Archives for category: Knitting

Here’s a quickie, mostly because the only photo I have is really blurry and ugly, so I don’t want to dwell on this topic too long.

This is my latest WIP, a Sock Yarn Slouch Hat in Knit Picks Gloss Fingering (colorways: Kenai and Scarlet). I think it’s cute, and it’s holding my attention pretty well. I’m trying a couple of jogless jog techniques, but none are working! The jogs are still really jog-y! Any tips?

Speaking of tips, I’m magic looping this with one of my two new sets of Addi Turbo Lace circular needles. I will give you a full report once I’m done with the projects, but let me just say this for now: LOVE!!!!

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Knitting. Remember that? Oh, right. That thing I spend practically all my free time doing, and practically no time photographing/blogging. Here’s the update since last we spoke:

Those Hiking Sox? Frogged. I didn’t measure Nick’s feet (since they were supposed to be a surprise) so I estimated measurements, and after the first one I realized that, unless he has really deformed feet (which he doesn’t, fyi) they weren’t going to fit so well. So I frogged ’em. That’s about the billionth project I’ve frogged with this yarn–anyone have any good ideas for what do to with 918 yds of wine-colored Zitron Trekking sock yarn?

Those fingerless sailing gloves? Hibernating. Soon after I wrote that post, Nick’s mom told me she had gotten him professional sailing gloves as a birthday gift…which meant my bootleg homemade ones were gonna look kinda hood next to her’s. And anyway, I was stumped with regards to figuring out a non-slip grip to sew on, so I was kinda happy to be relieved of having to solve that one. So now they’re going to be regular fingerless gloves, to be given to Nick at some point, probably when the weather again turns cold.

That cowl vest? Still plugging along. I’ve knitted 4758493758942379 rows of stockinette in the round on that thing, and I’m only just at the armpits. I have to jury-rig a way to keep the self-stripes flowing the same even though the piece is now worked flat in two pieces (front and back). I think I’m just going to have to pull out another skein of Noro and line it up to the same place in the repeat and work back and forth, using each skein for one row. Sounds annoying, which is probably why I haven’t started that yet. I’m also worried about the length. I added some at the start because I was worried about it being short on me (I have kind of a long torso), but it’s already 21.5″ and, like I said, still at the armpits. That’s, like, minidress length, which might be cool, now that I think about it, or might be horrible. I guess I’ll finish and see how it looks. It’s a good thing I don’t mind frogging (or so I say now).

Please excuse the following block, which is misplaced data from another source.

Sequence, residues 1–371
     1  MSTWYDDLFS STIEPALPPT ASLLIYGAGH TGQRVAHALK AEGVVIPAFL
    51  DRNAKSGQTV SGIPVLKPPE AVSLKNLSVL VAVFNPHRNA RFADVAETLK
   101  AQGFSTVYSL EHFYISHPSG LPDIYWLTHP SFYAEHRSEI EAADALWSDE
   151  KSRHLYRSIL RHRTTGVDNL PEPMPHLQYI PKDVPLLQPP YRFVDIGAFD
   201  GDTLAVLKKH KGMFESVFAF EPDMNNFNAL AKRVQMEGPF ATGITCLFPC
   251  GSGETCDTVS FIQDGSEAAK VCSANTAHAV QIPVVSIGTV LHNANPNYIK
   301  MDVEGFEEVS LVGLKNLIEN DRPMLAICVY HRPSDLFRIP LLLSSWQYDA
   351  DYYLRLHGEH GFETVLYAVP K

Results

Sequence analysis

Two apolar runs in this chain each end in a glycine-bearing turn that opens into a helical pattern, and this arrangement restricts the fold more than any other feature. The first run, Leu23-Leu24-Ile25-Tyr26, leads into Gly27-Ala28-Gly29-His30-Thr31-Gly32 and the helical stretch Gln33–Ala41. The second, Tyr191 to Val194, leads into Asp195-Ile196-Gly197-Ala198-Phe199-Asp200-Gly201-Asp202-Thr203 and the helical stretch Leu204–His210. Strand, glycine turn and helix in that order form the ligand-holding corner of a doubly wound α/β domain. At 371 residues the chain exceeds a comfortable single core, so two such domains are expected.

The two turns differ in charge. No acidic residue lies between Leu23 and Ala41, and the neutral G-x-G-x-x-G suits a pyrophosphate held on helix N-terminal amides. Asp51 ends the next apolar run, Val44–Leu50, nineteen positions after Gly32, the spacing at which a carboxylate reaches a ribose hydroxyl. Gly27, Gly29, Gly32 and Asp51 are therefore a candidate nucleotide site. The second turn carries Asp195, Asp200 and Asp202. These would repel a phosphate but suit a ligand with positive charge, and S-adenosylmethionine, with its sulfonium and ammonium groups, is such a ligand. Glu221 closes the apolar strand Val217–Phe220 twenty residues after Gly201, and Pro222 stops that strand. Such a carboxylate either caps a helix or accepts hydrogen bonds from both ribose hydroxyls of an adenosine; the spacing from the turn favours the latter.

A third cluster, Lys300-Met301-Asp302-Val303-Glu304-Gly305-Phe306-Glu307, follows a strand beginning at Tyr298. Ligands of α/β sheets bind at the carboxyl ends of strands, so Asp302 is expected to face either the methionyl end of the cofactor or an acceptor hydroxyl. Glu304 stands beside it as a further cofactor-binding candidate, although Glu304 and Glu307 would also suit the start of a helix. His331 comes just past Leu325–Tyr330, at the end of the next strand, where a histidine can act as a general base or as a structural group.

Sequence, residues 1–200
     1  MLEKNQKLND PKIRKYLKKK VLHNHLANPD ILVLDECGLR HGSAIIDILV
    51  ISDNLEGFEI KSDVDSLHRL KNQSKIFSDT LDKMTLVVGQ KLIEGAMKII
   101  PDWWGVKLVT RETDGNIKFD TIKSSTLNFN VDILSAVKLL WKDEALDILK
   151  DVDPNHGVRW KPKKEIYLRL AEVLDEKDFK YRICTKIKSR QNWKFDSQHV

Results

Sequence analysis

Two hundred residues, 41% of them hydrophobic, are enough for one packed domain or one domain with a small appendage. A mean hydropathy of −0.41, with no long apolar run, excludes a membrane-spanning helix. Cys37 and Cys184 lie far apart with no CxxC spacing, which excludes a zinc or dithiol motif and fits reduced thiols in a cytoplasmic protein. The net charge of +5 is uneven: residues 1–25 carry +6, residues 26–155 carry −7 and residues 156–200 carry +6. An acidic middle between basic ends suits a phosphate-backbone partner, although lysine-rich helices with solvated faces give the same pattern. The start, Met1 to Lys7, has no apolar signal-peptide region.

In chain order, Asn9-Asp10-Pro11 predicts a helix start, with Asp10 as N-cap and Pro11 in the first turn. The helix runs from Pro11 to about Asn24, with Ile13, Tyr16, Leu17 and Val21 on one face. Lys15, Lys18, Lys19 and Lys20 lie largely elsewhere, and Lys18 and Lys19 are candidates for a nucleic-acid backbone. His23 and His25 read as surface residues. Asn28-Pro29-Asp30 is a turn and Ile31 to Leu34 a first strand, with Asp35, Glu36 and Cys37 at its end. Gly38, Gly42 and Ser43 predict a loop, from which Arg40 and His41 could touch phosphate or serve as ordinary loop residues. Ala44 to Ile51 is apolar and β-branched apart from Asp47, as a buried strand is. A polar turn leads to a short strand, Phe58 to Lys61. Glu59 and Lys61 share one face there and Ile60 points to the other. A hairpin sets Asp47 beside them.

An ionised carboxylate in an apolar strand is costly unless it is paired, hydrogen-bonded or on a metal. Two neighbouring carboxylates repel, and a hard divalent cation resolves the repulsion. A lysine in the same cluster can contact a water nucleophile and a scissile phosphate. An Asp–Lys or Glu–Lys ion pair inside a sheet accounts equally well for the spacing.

Next time: New projects! Hat time! Also, a finished work (finally! really!) Stay tuned!

This post was supposed to go up about five days ago. I’m not going to whine, but let it be known that I am angry at my Asus netbook right now!

KnitPicks is having a yarn sale. Bad news, people. I’ve spent the last two hours pouring over my Ravelry queue picking out the projects I want to make for summer and pricing out an order. I’m up to $305.17–which is a ton of yarn, considering most KnitPicks yarn goes for about $2.99/skein. God knows I can’t resist a sale–and the funniest part is, most of the yarn I’ve picked out to buy isn’t even on sale. But KnitPicks is just so cheap!! (And isn’t it the point of sales to lure us in to look at all the other pretty stuff, too?)

Here’s what I’m thinking of investing in (click on imgs for links):

The adorbs Fleurette Cardigan in Comfy Fingering Yarn (Bison colorway).

The ephemeral Ash cardigan in Aloft Super Kid Mohair (Silver colorway).

 

The sand-ready Menano Beach bag in Cotlin DK (Linen and Cashew colorways)

And to demonstrate that I can be a sale shopper, too:

A perfect-for-the-office Fleurette Jacket (I'm all about fleurs, evidently) done in City Tweed DK (Brocade colorway). Do you realize that, with this sale, that jacket could be mine for a mere $22.54 + time and labor?! Incredible!